National Deep Fried Clams Day
In 1865 fried clams were found on the menu of the Parker House hotel restaurant in Boston, Massachusetts so it is known that fried clams have been served and enjoyed for more than 140 years. Now today we celebrate National Deep Fried Clams Day.
According to legend, it was 300 years ago that the modern deep fried, breaded version of clams is credited to Lawrence Henry “Chubby” Woodman from Essex, Massachusetts. It is believed that his first batch was cooked on July 3, 1916 in his small roadside restaurant, now Woodman’s of Essex.
It was later on that Thomas Soffron of Soffron Brothers Clam Co., based in Ipswich, Massachusetts, created clam strips, which are made from the “foot” of hard-shelled sea clams. Soffron sold these to Howard Johnson’s in an exclusive deal and as the chain expanded, they became popular throughout the country.
In themselves, clams are low in cholesterol and fat, however, when fried they absorb cooking fat.
National Family Literacy Day
National Family Literacy Day, celebrated across the U.S., focuses on special activities and events that showcase the importance of family literacy programs. First held in 1994, the annual event is officially celebrated on November 1st, but many events are held throughout the month of November. Schools, libraries, and other literacy organizations participate through read-a-thons, celebrity appearances, book drives, and more.
Kick off National Family Literacy Day by inviting parents, grandparents, and other family members to your classroom for a family-school reading day.
- Invite students' family members to read a favorite story from their childhood, or their child's favorite bedtime story. (Grandparents can share both their child's and their grandchild's favorites!)
- Provide a collection of books for families to share during a group reading session. Invite families to get comfortable by bringing a cushion, beanbag chair, or pillow.
- Introduce families to some of the games & tools provided by ReadWriteThink. Encourage them to use these engaging tools at home to enhance their reading and writing experiences.
- Provide each family with a certificate of participation or a bookmark at the end of the event. Ask a local bookstore for a donation, or print certificates and bookmarks from your computer.
- At the close of your event, be sure to remind parents about other National Family Literacy Day events in your community.
Remember that family literacy is something that should be encouraged all year round. Invite students and their families to brainstorm ways they can keep their family engaged in reading on a regular basis!
National Go Cook For Your Pets Day
Our pets bring us so much joy and give some much of themselves shouldn’t we give back?
This November 1st show your pets how much you care by focusing on their health and nutrition and cooking for them. You can make a day of meals or a simple treat, what ever you make they are sure to love it!
With all the pet food recalls and tainted food ingredients pet parents are paying more and more attention to what they feed there pets, but with all the information out there it can be hard to know where to start.We are not suggesting that the only way to make sure your animal is well fed is cooking for them everyday, the best diet for you and your pet is best decided by you and your veterinarian, but we want to raise awareness about your pets nutrition.
It can all see daunting at first and that’s how National Cook for Your Pets Day came into being if you start with focusing on your pets nutrition just one day it’ll be better for you both, and of course they will love you all the more for it!
Now for the fun part. National Cook for Your Pets Day has some free recipes and moreover they want you to send in your best home cooking inspirations.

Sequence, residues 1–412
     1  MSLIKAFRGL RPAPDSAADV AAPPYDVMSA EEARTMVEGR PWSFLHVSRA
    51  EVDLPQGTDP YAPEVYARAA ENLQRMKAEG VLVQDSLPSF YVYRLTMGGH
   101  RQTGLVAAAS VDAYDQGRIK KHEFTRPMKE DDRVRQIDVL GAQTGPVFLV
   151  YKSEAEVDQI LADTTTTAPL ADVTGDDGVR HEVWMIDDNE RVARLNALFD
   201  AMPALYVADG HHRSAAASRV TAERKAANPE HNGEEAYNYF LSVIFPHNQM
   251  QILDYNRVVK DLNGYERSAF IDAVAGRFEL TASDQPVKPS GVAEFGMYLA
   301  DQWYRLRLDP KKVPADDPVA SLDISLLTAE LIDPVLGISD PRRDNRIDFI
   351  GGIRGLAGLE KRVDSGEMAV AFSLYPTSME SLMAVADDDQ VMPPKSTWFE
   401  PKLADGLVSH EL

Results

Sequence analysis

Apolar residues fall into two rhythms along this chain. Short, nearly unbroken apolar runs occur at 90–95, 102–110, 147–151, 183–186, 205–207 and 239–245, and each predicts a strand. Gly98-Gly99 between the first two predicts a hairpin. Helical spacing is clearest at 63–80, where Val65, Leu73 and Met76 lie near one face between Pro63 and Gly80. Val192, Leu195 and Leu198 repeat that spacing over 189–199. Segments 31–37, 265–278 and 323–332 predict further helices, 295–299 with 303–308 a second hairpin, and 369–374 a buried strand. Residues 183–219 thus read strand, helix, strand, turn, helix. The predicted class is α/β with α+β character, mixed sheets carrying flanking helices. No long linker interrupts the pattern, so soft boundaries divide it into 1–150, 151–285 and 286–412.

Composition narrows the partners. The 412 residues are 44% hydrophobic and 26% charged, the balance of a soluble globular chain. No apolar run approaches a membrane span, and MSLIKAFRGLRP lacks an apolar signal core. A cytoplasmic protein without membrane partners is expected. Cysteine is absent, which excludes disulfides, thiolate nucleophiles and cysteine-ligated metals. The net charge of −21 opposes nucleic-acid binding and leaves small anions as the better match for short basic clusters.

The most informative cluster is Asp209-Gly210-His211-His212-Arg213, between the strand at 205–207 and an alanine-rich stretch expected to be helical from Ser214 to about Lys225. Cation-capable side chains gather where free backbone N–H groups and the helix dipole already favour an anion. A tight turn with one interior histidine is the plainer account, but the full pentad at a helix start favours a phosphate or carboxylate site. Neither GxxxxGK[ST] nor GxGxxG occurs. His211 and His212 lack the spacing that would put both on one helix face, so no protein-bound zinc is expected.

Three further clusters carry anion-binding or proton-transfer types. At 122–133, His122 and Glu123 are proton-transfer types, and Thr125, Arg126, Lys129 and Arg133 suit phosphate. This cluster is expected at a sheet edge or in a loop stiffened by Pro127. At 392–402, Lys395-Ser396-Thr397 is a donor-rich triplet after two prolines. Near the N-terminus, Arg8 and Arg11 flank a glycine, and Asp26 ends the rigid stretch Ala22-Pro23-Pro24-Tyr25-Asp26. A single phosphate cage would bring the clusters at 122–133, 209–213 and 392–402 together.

Natural Pumpkin & Peanut Butter Doggie Cookies
2 c whole wheat flour, plus flour for dusting
1/2 c rolled oats
1/4 c grated carrot
1 4 oz jar winter squash baby food
3/4 c canned pumpkin
3 Tbsp natural peanut butter
1/4 c water
Preheat oven to 350°F.
Combine all ingredients in stand mixer with paddle attachment. Mix until ingredients combined. Flour work surface. Roll dough to 1/4″ thickness. Cut into squares 2" x 2" or for more fun use a favorite cookie cutter.
Bake in preheated oven for 25-35 minutes (depending upon size). You want them firm but still a little chewy.
National Vinegar Day
Pucker up - November 1 is National Vinegar Day!
It has been said that balancing flavors makes great food, and vinegar is the kind of ingredient that can help achieve this balance. Most of us use vinegar in a salad dressing, but vinegar is also what gives barbecue sauce its tang and it’s essential to making mayonnaise.
If products were people, then vinegar would have good reason to lie about “her” age: “she” is over 10,000 years old! Vinegar has a legacy that goes back—way back—to ancient times, where it was inadvertently created alongside its alcoholic forbears—wine, beer, and other spirits. Vessels with traces of vinegar dating back to 6000 B.C.E. have been found in Egypt and China.
First written about in Babylonian times circa 5000 B.C.E., vinegar made with dates* found its way to kitchens and campfires everywhere. One legend has Cleopatra, to win a bet with Marc Antony, dissolving a pearl in a glass of vinegar and quaffing the mixture.
What we can be sure of, however, is that vinegar is mentioned—twice—not in a mere ancient cookbook but in the mother of all books, the Bible (in both the Book of Ruth and in Proverbs). It is specifically called for in the Talmud, to make the haroseth for Passover.
Hippocrates prescribed a watered-down vinegar drink to his patients. Caesar’s army, drank it too; although as a preventative medicine, not as a palliative. Some scholars believe that Jesus, while on the cross, was given a drink of vinegar with water as a painkiller.
In 1896, Henry J. Heinz founded a condiment company selling prepared horseradish, pickles and various sauces. The company also manufactured vinegar to preserve the pickles. Soon enough, Heinz was the first manufacturer to package vinegar in individual bottles for home use. In the early 1880s, the “paneled” bottle with the keystone label appeared.
Previously, all vinegar was fermented in barrels or crocks that were stored in barns or basements. According to a 1901 H. J. Heinz Company employee newspaper: “The old vinegar barrel lying in the cellar, or at the side of the barn for three or four years, has been supplanted by appliances that retain the natural flavor of the fruit and keep it free from impurities of all kinds. Cleanliness, purity and wholesomeness—the secret of HJ Heinz Company’s great success in making vinegar.”